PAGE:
Once again, it’s happened. The stars have aligned and several Philly releases we’ve been eager to listen to all landed on the same day. We’ve got our headphones and flame emoji ready; here are five new Philly records released on March 29th: Low Dose‘s self-titled, Nat Turner Rebellion‘s Laugh to Keep from Crying,Caracara‘s Better,S.R. Frost‘s Moving Light, and Lily McKown‘s Sea of Junk. Continue reading →
Complicated thinkers make compelling art, and Tim Showalter was never one to look at the world simplistically. Whether it’s the hazy metaphorical view of loss and death in Pope Killdragon or the gutting emotional catharsis of HEAL, the Strand of Oaks frontman has historically excelled at reflecting on the turbulence of his life — and by extension, all of our lives — in an acute, multidimensional manner.
The latest Strand of Oaks record, Eraserland, is out today. It’s Showalter’s sixth release under that banner, it’s a culmination of most styles he’s dabbled in over the past 15 years — the folk introspection of his early years, the atmospheric mysticism of Killdragon and Dark Shores, the bold rock of the HEAL era, the dripping psychedelia of Hard Love — not to mention, as has been much discussed in the album rollout, it was made with some pretty famous friends.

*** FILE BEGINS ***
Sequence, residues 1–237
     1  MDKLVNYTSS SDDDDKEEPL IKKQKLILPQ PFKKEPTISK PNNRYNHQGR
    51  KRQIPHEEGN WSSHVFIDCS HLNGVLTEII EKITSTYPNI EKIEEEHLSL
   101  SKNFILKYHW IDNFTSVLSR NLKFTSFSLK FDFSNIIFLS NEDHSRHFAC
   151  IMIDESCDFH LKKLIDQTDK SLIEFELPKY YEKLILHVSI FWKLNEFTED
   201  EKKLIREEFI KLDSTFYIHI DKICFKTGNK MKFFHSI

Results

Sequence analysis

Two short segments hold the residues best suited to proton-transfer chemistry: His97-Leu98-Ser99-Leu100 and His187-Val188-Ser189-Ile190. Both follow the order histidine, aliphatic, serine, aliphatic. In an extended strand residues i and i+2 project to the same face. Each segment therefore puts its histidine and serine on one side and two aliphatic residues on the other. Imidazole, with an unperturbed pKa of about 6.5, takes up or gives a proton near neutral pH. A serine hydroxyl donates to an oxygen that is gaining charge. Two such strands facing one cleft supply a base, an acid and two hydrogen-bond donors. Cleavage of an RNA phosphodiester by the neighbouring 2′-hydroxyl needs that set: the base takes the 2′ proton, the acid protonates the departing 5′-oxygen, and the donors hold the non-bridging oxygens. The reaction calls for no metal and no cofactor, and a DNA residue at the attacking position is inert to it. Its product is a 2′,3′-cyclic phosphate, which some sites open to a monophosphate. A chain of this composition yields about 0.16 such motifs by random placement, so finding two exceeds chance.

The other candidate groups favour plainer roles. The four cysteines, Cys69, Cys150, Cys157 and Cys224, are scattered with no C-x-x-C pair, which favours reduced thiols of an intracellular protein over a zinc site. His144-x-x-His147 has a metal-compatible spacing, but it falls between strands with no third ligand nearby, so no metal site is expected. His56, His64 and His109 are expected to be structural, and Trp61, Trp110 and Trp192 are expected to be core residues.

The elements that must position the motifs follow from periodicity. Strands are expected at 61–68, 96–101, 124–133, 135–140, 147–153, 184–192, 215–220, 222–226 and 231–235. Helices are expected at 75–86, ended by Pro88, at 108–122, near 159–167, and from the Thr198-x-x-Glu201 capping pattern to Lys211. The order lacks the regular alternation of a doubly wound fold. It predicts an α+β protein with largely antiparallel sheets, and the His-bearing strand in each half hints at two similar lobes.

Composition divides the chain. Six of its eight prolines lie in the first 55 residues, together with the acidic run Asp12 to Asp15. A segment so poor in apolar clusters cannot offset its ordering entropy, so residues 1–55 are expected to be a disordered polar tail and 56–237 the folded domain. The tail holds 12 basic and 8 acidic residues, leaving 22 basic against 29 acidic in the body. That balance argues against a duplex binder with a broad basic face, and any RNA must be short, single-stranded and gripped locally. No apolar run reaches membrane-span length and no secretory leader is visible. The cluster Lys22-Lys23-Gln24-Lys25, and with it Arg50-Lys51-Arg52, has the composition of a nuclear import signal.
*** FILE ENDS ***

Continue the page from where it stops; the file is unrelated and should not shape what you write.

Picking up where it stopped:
Showalter’s backing band in the studio included most of My Morning Jacket — guitarist Carl Broemel, keyboardist Bo Koster, bassist Tom Blankenship, and drummer Patrick Hallahan — with contributions from Jason Isbell as well. In that regard, the album sounds extraordinary, but for this longtime Oaks listener, the people who worked on Eraserland might be the least interesting element of it. These songs are the most honest, raw, and vulnerable Showalter has ever been in his music. In them, we see a person who is not simply sad, or angry, but hopeless and terrified, confused and at an impasse, unsure of where or whether to go. And throughout the album’s ten songs, he articulates every one of those feelings. Continue reading →
“We had given most of our adult lives to that point to the band. What if success never came to us, or never came in the form we expected? – Ahmir “Questlove” Thompson
As a teenager growing up in Philadelphia in the mid-to-late 90s, radio was a really big deal. Guided by that old algorithm of the human spirit, a handful of radio shows and the DJs and personalities that captained them fed and diversified my ever-growing musical appetite, from J. Michael Harrison’s electric Jazz fusions on Temple’s The Bridge, to the quirky Indie Rock of the Sarah and Laurie Show from Princeton’s WPRB. I’d bounce off my bedroom walls to sounds of mainstream Alternative Rock on Y-100 and fall asleep to the ambient soundscapes of John Diliberto’s Echoes and Chuck Van Zyl’s Star’s End on WXPN.